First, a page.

The jury awarded each of the plaintiffs $2.1 million in punitive damages and a total of $830,500 in compensatory damages for their medical expenses, lost earnings and pain and suffering.
More than 230,000 service members, veterans and others have filed claims blaming 3M earplugs for causing hearing loss.
The company was accused of hiding design flaws, fudging test results and failing to instruct the military in proper use of the earplugs, which were used by the Army between 2007 and 2013.
The distinct yellow-and-green plugs, used widely by the U.S. Army and other branches, were designed to fully block noise if inserted in one direction, while in the opposite direction the plugs would let in nearby voices but still shield the ear from harmful ballistic noises.
Minnesota-based 3M has stood by the safety of the earplugs, which it stopped selling in 2015. A company spokeswoman said Friday they disagree with the verdict and don’t believe plaintiffs met the burden of proving the “product was defectively or negligently designed” or caused the veterans’ purported injuries. The company, she said, will evaluate “multiple grounds for appeal.”
Attorneys for the veterans said: “The evidence is clear: 3M knew their earplugs were defective, yet they allowed our service members to suffer these life-altering injuries.
“he jury verdict follows a five-week trial in U.S. District Court in Pensacola, Fla. The proceeding, along with trials scheduled to take place in May and June, are intended to help shape the outcome of the tens of thousands of other claims that have been consolidated in the Florida court through a process known as multidistrict litigation.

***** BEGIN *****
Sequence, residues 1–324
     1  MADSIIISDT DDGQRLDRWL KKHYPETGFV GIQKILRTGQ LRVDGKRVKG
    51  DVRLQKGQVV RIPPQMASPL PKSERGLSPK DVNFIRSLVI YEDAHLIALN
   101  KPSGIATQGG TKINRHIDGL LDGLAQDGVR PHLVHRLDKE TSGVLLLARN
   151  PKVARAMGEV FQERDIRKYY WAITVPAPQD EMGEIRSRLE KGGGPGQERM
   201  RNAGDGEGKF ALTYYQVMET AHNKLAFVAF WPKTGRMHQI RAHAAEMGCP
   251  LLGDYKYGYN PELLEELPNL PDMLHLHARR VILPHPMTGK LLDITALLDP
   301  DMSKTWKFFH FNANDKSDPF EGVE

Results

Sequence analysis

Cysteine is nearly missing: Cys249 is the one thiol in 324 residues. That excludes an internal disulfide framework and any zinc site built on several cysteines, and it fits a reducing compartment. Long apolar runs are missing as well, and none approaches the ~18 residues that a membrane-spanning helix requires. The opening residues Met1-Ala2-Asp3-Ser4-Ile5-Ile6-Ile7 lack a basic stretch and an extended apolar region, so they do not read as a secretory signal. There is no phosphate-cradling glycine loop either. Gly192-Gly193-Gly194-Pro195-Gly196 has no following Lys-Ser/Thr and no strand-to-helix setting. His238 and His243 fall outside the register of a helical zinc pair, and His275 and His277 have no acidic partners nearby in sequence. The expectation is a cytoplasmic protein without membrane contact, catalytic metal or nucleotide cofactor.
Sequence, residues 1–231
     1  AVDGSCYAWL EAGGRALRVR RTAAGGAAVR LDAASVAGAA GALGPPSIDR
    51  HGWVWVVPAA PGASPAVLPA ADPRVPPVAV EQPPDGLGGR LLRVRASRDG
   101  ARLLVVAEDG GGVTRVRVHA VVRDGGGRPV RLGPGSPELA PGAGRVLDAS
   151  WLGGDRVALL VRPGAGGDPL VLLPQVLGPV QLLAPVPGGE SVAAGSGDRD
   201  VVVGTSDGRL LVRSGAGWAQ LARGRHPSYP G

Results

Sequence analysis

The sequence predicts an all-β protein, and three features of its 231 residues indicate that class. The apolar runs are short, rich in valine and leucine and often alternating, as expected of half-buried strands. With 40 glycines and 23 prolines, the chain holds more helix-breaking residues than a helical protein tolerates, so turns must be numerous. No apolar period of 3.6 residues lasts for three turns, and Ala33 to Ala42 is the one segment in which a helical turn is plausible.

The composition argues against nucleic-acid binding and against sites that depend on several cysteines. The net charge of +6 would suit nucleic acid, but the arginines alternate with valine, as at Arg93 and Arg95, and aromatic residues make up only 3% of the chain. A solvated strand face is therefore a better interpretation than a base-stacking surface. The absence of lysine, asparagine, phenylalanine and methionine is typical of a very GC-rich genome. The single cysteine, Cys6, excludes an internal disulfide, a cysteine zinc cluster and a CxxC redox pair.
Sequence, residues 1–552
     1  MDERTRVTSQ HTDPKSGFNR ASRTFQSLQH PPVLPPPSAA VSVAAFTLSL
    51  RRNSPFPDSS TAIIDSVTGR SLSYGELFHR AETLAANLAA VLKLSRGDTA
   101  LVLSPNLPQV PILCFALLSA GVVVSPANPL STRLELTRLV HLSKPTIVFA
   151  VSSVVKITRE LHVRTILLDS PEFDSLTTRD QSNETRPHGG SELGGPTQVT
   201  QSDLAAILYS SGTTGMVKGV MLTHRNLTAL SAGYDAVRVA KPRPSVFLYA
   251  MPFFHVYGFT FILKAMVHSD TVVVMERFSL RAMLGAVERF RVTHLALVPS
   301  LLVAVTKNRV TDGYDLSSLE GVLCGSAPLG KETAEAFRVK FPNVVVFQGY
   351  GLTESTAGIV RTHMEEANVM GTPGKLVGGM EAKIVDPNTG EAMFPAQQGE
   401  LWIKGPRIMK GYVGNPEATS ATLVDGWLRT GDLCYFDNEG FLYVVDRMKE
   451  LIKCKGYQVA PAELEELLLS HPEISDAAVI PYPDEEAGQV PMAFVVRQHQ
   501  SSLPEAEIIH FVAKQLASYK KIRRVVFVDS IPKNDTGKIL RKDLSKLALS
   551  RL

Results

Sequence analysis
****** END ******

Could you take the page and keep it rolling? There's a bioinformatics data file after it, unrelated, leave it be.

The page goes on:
Jury verdicts can help set benchmarks for settlement negotiations or provide support for a company’s strategy to keep defending itself against the claims.
The jury on Friday awarded each of the three veterans $2.1 million in punitive damages, plus recoveries for medical expenses, lost earnings and pain and suffering.
The number of earplug plaintiffs far surpasses those suing over alleged harms from any other product or drug, including weedkiller, baby powder and blood thinners.
3M said in a statement it did not believe the plaintiffs met their burden in proving the plugs were defectively or negligently designed or that the plugs caused injuries. The company said it believed there were multiple grounds for appeal.
“We remain confident in our case and are ready to defend ourselves against plaintiffs’ allegations at the upcoming trials,” 3M said.
Shares of 3M were down 1.4% after the verdict, trading at $196.22 on the New York Stock Exchange.
Most of the lawsuits against 3M over the earplugs have been brought by army veterans between the ages of 30 and 49. The litigation is the largest mass tort ever brought in federal court.
The “bellwether” trial in Florida which consolidated three lawsuits, was meant to test the strength of the evidence and gauge damages so that the parties could potentially shape a deal to resolve the other cases.
The next bellwether trial over the earplugs begins on May 17. Around 240,000 service members have alleged hearing damage from the earplugs and 3,349 have filed lawsuits, according to 3M’s most recent quarterly report.
More than 1 million veterans receive compensation for hearing loss, which is the leading service-related disability, according to 2015 government data.